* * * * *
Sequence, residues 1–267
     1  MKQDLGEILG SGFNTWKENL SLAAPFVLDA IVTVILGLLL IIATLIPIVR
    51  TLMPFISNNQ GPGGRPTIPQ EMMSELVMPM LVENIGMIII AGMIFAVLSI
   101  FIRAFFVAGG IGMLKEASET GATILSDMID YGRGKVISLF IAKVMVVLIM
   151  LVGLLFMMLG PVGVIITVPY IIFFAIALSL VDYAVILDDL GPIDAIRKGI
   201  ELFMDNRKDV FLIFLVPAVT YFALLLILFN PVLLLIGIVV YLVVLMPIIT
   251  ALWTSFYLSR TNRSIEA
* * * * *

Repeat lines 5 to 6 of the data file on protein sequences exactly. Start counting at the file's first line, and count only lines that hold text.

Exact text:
   151  LVGLLFMMLG PVGVIITVPY IIFFAIALSL VDYAVILDDL GPIDAIRKGI
   201  ELFMDNRKDV FLIFLVPAVT YFALLLILFN PVLLLIGIVV YLVVLMPIIT